There’s a deep disconnect between the people’s highly satisfied self-evaluation of their religious behaviors and Yahweh’s assessment of them. The Lord says to them, “Your fasts are nothing more than ‘going through the motions of penance’” (v. 5, NLT). And how has the Lord made this diagnosis? What are the presenting symptoms of their disease? “Even while you fast, you keep oppressing your workers. What good is fasting when you keep on fighting and quarreling?” (vs. 3-4). Injustice in their civic and social life, bitterness and vicious disputes in their communal life—these things negate the sincerity of their worship. Tragically, there is nothing in their life together that sets them apart from the larger culture, nothing that marks them as a people after God’s own heart.
In his infinite grace and mercy, the Lord does not leave his people in their deplorable condition, but offers them a solution to the problem of their distorted delight. He says to them, “Let me define for you the kind of worship I want from my people” (v. 6). If you sense a bit of an edge in the Lord’s voice at this point, it is perhaps understandable—what he’s about to tell them is not new information! From Moses to the pre-exilic prophets, God’s spokesmen have detailed over and over again what Yahweh is about to say—and Israel’s previous failure to live this way is what landed them in exile in the first place.
The Lord offers the solution for their distorted delight in a series of three IF-THEN sequences, detailing both his expectations and his promises. Interestingly enough, it’s not until the third sequence (vs. 13–14) that the Lord touches on overtly “religious” behavior (Sabbath practices). In the first two sequences, God calls them to reverse their current social practices and their current internal dysfunction. On the “if” side of the ledger, we see what true worship (true delight) consists of: (1) IF (implicit) you practice my kind of fasts: “to break the chains of injustice, get rid of exploitation in the workplace, free the oppressed, cancel debts. . . sharing your food with the hungry, inviting the homeless poor into your homes, putting clothes on the shivering ill-clad, being available to your own families” (vs. 6–7, MSG). (2) “IF you get rid of unfair practices, quit blaming victims, quit gossiping about other people’s sins, if you are generous with the hungry and start giving yourselves to the down-and-out. . .” (vs. 9–10). (3) “IF you watch your step on the Sabbath and don’t use my holy day for personal advantage, if you treat the Sabbath as a day of joy (delight!), God’s holy day as a day of celebration, if you honor it by refusing ‘business as usual,’ making money, running here and there. . .” (v. 13).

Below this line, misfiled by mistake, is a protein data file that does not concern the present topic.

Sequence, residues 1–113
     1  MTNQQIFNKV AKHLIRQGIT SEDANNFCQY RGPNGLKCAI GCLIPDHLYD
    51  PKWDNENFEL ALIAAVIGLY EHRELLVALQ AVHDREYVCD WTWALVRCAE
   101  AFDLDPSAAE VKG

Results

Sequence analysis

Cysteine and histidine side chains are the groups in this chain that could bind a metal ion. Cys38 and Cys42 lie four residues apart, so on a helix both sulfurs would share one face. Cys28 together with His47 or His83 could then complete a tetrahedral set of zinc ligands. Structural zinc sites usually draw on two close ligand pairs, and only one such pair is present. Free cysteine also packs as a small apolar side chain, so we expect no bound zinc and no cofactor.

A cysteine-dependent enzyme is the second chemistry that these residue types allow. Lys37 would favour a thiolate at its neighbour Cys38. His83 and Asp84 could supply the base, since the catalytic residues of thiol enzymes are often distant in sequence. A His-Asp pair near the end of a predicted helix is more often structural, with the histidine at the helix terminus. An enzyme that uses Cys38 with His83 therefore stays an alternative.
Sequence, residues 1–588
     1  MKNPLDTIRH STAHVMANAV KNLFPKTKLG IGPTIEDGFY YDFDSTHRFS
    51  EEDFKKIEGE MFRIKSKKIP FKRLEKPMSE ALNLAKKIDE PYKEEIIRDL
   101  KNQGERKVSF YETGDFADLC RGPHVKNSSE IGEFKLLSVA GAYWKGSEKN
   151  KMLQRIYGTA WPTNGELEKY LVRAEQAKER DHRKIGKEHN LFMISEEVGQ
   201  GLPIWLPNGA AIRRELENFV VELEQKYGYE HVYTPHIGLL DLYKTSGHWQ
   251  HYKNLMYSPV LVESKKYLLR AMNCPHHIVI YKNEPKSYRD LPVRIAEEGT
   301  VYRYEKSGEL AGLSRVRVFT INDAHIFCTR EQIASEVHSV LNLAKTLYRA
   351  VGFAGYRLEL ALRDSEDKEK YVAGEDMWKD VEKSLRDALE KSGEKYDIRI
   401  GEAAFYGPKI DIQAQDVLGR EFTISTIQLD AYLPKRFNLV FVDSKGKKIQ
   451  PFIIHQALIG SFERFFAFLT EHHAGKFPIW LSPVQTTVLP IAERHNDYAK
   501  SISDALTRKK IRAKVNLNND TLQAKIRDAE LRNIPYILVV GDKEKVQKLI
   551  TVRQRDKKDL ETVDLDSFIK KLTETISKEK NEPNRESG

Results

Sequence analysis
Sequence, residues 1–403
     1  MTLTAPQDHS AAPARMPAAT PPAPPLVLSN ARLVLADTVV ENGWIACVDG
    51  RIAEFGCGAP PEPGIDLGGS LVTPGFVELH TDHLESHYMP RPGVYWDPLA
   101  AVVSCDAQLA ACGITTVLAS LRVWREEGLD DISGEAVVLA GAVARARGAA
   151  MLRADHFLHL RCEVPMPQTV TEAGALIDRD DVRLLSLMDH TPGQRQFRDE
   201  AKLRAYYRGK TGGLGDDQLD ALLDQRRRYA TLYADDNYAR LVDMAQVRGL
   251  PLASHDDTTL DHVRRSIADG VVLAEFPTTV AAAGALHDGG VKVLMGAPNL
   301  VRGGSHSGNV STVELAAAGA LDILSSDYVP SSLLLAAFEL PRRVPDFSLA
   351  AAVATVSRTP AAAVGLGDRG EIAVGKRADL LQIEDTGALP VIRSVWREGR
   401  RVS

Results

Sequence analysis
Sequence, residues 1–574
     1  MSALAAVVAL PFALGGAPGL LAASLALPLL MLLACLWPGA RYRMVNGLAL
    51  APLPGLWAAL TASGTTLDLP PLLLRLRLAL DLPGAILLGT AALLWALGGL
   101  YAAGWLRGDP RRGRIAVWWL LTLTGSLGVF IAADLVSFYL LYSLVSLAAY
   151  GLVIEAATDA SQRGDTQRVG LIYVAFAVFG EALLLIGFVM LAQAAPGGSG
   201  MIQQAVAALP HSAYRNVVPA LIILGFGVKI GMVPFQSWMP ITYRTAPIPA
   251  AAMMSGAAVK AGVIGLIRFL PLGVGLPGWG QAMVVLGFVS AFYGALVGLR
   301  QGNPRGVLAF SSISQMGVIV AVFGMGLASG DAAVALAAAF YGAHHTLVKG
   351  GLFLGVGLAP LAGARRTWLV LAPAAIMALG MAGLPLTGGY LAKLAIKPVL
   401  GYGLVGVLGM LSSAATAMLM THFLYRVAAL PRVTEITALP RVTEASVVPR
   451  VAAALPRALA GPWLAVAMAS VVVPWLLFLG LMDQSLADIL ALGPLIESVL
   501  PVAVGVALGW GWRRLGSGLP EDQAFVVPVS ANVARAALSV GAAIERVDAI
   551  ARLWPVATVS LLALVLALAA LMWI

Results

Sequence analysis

If God’s people choose this kind of God-pleasing worship, THEN we will experience the full, abundant, delight-full existence that he longs to give us. Listen to the catalogue of delightful descriptions found on the promise side of the solution to distorted delight: salvation, healed wounds, protection (v. 8); answered prayer (v. 9); light to replace darkness (v. 10); constant refreshing and abundant vitality (v. 11); the chance to be rebuilders and restorers of brokenness (v. 12); and (wait for it!) delight in the Lord (v. 14)! This is a new word, even more intense and “delightful” than the one used previously in the chapter. It has an almost playful sense to it—to delight luxuriously, to revel in something or someone, to laugh and enjoy. This is Coco’s joy in her Friday walk magnified exponentially!
Walter Brueggemann sums up nicely the call of these ancient words: “The true delight (v. 14) does not follow from our interests (v. 13). Judaism is invited to give up little interests for the sake of large delights.” Not just ancient Judaism, but every one of us who submits to the ancient words is invited to this—and especially during this season of Lent—to give up distorted delights and small interests for the large delight of following Jesus into cruciform living, dying, and living again. First, we must see clearly and name boldly the “little interests” that are “sin and rebellion” in the eyes of God. Whether it is our toleration of injustice and oppression in the social fabric of our culture, or our tendency to quarreling and slander within the community of faith, or our willingness to allow distorted delights in our personal lives, the first step is to acknowledge those things and to see them through God’s eyes for what they are. Brutal, no-holds-barred honesty is required of us, rooted in a complete submission to the illuminating light of Spirit and Word. Second, we must match that honesty with true repentance. The mark of the Cross that we received to open the Lenten season must be made manifest in conduct that is aligned with the will and character of God. The words that were spoken as ashes were imposed, “Repent and believe the gospel,” invite us to much more than mere intellectual assent to some theological proposition. They call us to a life transformed and re-shaped by the cruciform gospel of Jesus.